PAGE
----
I opened the door to the play room today and there they were: Selloane and Ntseliseng, looking back at me and smiling from ear to ear.
“Hi!” I said, waving.
They both giggled. Ntseliseng waved. Selloane bolted in my direction, and I scooped her up and spun quickly in a circle. She grinned, her dark eyes seeming to sparkle, and I laughed out loud in amazement.
In the last few days, both girls seem to have hit a turning point in their recoveries, and suddenly seem like brand new, energized versions of themselves.
The transformations are absolutely striking.
Selloane, who will be three in October, was so shy for so long. She used to sit quietly and stare. When she was sick, she frowned and looked miserable. She didn’t want to be held or played with or, as far as I could tell, acknowledged.
But ever since her fever broke, she’s been opening up and gaining weight, going from 7.2 kg on June 12 to 8.2 kg today. Her face has filled out, and while it used to be a big event if she showed even the slightest hint of a smile, she now gives big, cheesy smiles all the time. She literally looks like a different kid. She’s loud, happy and expressive, wandering around the playroom with all the energy a girl her age should have.
Ntseliseng, who will be two in September, is smiling and making lots of noise now as well. She still isn’t walking, her legs still tiny and extremely underdeveloped, but she is crawling and scooting on her butt more and more. She happily ate her entire lunch of carrots, chicken and rice today, is breathing regularly and looks better and less gaunt every day.
All this after being on death’s doorstep so recently, and being on a roller coaster of health fluctuations for the last month. Ntseliseng got here tiny and ill, recovered and started to do better, and then hit the wall of illnesses that swept through the safe-home last month and spiraled quickly downhill. I wasn’t sure she was going to make it. There were moments when I thought she would stop breathing at any second.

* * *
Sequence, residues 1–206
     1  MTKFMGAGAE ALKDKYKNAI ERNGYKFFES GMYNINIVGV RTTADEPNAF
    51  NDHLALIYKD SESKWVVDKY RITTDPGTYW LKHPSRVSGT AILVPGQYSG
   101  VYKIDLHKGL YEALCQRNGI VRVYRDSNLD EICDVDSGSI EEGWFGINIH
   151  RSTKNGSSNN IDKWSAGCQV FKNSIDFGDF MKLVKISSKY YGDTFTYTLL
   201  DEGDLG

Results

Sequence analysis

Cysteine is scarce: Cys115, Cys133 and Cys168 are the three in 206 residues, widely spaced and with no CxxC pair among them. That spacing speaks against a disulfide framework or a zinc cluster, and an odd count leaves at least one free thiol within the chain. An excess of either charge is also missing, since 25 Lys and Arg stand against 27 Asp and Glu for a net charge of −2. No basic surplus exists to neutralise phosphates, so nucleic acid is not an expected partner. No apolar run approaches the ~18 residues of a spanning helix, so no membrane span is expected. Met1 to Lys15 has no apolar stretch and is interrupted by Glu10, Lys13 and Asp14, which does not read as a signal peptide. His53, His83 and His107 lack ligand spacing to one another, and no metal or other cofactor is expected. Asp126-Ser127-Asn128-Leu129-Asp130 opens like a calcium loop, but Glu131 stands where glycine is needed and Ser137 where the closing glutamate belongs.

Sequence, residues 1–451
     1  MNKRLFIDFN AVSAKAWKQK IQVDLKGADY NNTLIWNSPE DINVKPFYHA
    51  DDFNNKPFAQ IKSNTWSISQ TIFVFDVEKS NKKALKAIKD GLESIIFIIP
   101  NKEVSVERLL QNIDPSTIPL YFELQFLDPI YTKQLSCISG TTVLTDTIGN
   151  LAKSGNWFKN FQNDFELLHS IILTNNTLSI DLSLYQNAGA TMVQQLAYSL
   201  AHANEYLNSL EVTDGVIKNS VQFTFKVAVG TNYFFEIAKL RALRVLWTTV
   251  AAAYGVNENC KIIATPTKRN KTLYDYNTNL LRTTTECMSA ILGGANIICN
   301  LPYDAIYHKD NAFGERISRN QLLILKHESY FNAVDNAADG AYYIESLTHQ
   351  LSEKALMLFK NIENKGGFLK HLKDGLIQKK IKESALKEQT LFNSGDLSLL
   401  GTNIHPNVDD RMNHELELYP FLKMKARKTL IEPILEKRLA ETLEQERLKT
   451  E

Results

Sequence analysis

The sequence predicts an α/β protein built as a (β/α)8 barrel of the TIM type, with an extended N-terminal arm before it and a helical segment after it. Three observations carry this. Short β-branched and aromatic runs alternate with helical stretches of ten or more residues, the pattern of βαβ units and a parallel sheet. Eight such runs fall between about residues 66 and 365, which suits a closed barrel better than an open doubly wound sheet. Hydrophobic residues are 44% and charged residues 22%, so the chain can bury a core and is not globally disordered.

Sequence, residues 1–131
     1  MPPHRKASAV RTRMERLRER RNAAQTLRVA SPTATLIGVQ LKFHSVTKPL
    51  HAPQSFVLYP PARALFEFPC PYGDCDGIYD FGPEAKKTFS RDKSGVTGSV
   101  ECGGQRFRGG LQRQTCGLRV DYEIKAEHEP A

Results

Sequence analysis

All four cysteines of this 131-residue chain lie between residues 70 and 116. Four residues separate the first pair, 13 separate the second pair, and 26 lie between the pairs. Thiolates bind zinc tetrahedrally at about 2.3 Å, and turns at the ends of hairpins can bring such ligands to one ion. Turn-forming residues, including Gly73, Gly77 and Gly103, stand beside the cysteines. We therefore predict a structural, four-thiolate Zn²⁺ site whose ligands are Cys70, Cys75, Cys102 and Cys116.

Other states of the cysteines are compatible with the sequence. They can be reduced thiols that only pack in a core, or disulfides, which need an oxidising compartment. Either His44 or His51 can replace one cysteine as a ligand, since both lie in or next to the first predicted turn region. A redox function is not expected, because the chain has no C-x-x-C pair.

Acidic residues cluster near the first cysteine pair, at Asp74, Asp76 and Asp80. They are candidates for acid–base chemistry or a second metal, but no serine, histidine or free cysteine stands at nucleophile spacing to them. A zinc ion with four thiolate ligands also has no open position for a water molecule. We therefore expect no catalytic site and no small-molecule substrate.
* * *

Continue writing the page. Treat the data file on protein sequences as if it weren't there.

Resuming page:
But now she seems to be back on track. She’s gone from 5.6 kg on June 6 to 6.7 kg on June 12 to 7.1 kg today. She’s getting less and less fussy with me when I try to pull her onto her feet and exercise her legs.
After the happy greeting I got walking into the playroom earlier today, I played with Ntseliseng and Selloane for about a half hour just before lunch. They both like playing a game where they stick their tiny hands toward my face and I pretend like I might bite. They shriek in laughter and yank their hands away. Ntseliseng also likes playing a game where she puts her face less than an inch from mine, then looks directly into my eyes until she or I break and roll away in laughter.
At one point I was on my back, and Selloane sat on my chest smiling as she watched Ntseliseng pull herself up onto my chest as well. They both seemed happy and content and comfortable, laughing down at me – such a far cry from a few weeks ago.
I caught myself marveling at their improvement, and again laughed out loud.
The TTLF Fellow is a representative of the North American organisation The Tiny Lives Foundation. Based for one year in Mokhotlong, Lesotho, the TTLF Fellow serves in an administrative support capacity for the Basotho charity TTL.